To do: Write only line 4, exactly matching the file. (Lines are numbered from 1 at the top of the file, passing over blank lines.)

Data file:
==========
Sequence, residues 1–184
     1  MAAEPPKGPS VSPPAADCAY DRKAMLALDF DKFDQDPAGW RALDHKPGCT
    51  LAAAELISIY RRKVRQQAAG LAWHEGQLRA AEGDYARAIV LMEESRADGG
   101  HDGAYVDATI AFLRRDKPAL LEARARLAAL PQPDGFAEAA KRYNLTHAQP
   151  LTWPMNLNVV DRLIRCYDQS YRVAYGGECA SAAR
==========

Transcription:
   101  HDGAYVDATI AFLRRDKPAL LEARARLAAL PQPDGFAEAA KRYNLTHAQP